Did you know that every time you click through to a new webpage, you're voluntarily telling that new webpage where you came from?
This isn't a trick by the NSA, its just the way the web works. As most people know, whenever you click a hyperlink, the browser sends a request to the resource on the other end of the link. What most people don't realize is that by default the request contains the referrer field, which indicates the page where the user clicked the link.
Visible referer headers can lead to all kinds of privacy problems. The information contained in a referrer can be abused to track website visitors across the internet, especially when combined with cookies and other tracking techniques. Search engines in particular are especially bad when it comes to giving away information through referer headers since they often include the search terms used to find a web page:
Remember kids, when you embed other people’s stuff in your page, they see the referer header.— Nick Craver (@Nick_Craver) April 30, 2015
Oookay so http://t.co/Cp0u2ghdIf sends your personal info to third-party sites via the Referer header... https://t.co/ixy1nZjB2v— Chris (@leftside) January 22, 2015
In addition to privacy concerns, leaky referer headers can also lead to all kinds of nasty security exploits:
"Referer Header Based Blind SQL Injection Explained With Example"— KS7000 (@ks7000) March 25, 2016
WP Slimstat = 188.8.131.52 - Referer Header Cross-Site Scripting (XSS) #wordpress #websecurity http://t.co/1B1I6aMiAB— eXploit.By (@exploitby) July 26, 2015
As a side note, before you flip out about my misspelling of the word "referer", be aware that I'm not spelling it wrong by accident - this is how browser implementations spell it:
4 hours of debugging later: The HTTP spec INTENTIONALLY misspells the "referer" header with 3 R's instead of 4. https://t.co/qT1M27yXOb— Chris Johnson (@CJcodes) April 30, 2016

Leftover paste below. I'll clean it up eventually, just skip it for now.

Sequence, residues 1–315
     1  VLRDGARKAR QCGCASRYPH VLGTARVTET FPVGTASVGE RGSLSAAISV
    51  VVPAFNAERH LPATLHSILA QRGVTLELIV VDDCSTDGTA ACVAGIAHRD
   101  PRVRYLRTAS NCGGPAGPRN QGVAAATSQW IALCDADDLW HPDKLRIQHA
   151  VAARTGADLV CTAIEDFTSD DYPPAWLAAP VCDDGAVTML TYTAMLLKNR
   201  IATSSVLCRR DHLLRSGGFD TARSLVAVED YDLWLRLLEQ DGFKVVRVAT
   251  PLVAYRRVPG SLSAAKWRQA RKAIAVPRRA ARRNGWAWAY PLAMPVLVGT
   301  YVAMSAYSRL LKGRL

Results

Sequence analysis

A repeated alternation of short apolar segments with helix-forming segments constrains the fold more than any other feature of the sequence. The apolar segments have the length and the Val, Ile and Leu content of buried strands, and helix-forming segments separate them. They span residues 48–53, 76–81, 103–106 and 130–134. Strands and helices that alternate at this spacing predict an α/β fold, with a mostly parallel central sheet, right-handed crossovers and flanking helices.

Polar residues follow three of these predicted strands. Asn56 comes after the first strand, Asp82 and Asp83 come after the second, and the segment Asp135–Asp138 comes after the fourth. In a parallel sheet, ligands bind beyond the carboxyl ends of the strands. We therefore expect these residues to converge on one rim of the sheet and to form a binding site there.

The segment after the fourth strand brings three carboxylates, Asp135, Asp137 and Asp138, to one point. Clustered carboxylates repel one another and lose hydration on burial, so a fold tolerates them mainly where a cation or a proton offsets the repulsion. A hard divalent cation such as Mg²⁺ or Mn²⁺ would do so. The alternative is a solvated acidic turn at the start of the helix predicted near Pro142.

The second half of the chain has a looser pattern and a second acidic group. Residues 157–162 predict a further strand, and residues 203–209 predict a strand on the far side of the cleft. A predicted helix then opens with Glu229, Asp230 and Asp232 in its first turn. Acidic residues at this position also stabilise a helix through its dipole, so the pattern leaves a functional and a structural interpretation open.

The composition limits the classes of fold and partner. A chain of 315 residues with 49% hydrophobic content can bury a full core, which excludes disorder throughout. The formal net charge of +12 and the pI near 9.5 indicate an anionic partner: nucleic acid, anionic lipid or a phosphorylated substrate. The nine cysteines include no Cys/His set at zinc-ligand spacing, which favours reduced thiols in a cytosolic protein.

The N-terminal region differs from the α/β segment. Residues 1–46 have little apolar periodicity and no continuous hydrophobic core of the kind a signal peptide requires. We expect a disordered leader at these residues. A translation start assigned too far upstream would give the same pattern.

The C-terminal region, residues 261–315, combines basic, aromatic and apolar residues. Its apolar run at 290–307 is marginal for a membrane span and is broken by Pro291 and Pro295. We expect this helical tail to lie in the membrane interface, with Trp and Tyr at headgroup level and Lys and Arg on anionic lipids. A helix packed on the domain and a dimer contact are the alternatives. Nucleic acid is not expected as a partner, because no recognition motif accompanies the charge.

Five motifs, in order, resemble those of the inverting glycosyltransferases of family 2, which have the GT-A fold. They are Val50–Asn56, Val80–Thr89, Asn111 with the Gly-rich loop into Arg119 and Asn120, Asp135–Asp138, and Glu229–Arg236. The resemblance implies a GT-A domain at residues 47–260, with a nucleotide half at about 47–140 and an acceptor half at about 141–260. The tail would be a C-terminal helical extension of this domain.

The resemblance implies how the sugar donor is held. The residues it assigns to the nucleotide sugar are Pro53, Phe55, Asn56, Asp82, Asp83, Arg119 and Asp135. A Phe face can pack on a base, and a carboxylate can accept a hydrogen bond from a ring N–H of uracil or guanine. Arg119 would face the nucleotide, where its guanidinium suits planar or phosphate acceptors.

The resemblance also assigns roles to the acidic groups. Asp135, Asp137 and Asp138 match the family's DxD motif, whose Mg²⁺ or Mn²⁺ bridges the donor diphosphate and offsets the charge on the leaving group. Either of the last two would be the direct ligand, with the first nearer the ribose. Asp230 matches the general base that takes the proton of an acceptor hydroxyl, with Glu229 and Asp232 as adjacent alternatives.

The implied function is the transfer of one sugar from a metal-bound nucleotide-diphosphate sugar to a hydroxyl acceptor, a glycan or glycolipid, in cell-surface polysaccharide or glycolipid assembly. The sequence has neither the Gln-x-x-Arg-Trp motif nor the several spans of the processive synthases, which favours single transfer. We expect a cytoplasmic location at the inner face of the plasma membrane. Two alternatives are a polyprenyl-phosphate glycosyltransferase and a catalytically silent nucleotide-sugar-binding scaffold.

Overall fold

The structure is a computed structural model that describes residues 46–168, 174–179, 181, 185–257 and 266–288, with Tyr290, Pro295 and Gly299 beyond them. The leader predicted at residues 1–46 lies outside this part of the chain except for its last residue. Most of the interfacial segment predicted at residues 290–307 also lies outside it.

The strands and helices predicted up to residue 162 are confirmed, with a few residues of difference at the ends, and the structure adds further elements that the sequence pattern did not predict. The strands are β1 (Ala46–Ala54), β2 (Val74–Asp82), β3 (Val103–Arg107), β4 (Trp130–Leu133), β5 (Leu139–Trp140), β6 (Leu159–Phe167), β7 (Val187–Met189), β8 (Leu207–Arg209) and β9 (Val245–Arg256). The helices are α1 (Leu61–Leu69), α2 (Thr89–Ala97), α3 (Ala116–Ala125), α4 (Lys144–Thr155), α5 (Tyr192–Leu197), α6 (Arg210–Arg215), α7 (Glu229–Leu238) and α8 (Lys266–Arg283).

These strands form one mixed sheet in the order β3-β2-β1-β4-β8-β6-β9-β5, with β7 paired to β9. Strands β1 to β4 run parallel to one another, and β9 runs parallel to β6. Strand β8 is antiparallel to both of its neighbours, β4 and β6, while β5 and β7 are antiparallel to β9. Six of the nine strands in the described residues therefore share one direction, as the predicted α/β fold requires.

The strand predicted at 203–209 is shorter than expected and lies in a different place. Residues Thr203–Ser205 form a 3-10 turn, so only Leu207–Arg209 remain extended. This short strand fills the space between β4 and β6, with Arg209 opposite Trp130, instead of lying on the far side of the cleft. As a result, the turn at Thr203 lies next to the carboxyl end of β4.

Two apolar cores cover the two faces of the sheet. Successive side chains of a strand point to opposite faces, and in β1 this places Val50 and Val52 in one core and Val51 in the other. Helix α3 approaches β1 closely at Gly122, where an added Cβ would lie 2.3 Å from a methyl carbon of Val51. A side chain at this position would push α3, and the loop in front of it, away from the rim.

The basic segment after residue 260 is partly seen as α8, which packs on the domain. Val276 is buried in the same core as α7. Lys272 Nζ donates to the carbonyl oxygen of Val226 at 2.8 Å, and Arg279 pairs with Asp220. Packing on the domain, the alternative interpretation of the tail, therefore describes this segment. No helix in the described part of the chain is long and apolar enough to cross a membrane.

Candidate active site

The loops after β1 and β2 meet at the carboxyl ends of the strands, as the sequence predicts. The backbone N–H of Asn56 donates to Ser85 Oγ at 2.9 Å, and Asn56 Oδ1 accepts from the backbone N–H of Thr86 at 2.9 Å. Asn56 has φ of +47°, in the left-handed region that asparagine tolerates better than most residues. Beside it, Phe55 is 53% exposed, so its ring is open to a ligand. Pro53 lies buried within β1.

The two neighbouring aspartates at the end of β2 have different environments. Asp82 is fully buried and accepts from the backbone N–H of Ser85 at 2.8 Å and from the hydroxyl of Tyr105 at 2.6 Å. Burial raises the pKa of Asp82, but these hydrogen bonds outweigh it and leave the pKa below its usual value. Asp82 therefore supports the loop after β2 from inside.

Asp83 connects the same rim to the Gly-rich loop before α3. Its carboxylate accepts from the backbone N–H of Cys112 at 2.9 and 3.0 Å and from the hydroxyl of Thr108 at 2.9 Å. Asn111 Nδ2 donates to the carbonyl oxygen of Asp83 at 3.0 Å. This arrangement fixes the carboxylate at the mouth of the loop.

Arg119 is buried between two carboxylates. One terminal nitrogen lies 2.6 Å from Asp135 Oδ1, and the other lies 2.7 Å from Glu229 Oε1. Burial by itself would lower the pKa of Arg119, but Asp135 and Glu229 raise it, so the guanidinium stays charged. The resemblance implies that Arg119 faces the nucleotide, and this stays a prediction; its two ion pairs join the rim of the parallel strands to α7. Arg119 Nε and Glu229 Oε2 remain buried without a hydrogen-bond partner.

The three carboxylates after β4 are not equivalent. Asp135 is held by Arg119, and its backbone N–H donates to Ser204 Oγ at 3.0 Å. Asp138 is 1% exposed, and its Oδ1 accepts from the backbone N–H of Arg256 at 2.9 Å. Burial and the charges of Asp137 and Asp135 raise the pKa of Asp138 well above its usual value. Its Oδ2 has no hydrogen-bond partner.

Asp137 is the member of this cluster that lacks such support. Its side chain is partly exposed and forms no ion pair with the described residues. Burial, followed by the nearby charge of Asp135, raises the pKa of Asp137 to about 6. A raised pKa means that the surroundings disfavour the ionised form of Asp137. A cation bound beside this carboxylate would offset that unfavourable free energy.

Now that we've got linguistics out of the way, let's talk about how to solve this problem.
Disabling Referer Headers in Firefox
Firefox provides the easiest method for disabling referer headers:
about:configin the URL bar and hit enter. You may need to click through the "I'll be careful, I promise!" warning if you haven't visited this config page before.
In the search bar, type
Double click on the preference's "Value" text box when it appears and set the value to either 0, 1 or 2.
The value you enter determines how Firefox will handle your Referer Headers in the future:
- Value 0 - completely disables the Referer Header. This provides the most privacy, but may break some websites (more on this later)
- Value 1 - Sends a Referer Header when clicking on a link, but not when loading images on a page. This will prevent
- Value 2 - Default setting which sends all Referer Headers
Disabling Referer Headers in Chrome
Chrome unfortunately doesn't provide the same easy configuration as Firefox, but that's not to say that disabling referer headers on Chrome can't be done.
The easiest way to disable referer headers in Chrome is to head over to the Chrome Store and grab the Referer Control browser extension.
If you don't want to bloat your browser with additional extensions, you can also launch the Chrome app with the
--no-referrers flag. If you're on Windows, you can do this by editing the Browser's shortcut icon execution path, e.g.
I was unable to find information on how to block referer headers in Opera, Safari and Internet Explorer. As such, I feel that it is not sensible for a privacy-conscious user to perform personal browsing via any of these web browsers.
If anyone has information on how to disable referer headers on any browsers aside from Mozilla Firefox and Google Chrome I'd be very interested to know about it. Drop me a line on Twitter at @zpalexander.
Disabling sending of header referers can break some sites. Some web developers use header referers to prevent Cross Site Request Forgery:
If you want to disable the Referer header, do it in a way that still sends it within the domain. Otherwise you break many CSRF protections.— Paul McMillan (@PaulM) June 4, 2015
In my opinion, those developers are wrong to rely on an easy to forge header in such a way that potentionally breaks accessibility. Nevertheless, its important to remember that disabling your browser's referer headers can cause problems such as these.
In conclusion, remember that referer headers are only passed on when you click through a link. Cutting and pasting a web address into a browser’s URL bar, or typing it out manually, will also prevent any referer headers being sent to the visited website. For more information, check out this comprehensive article on the subject.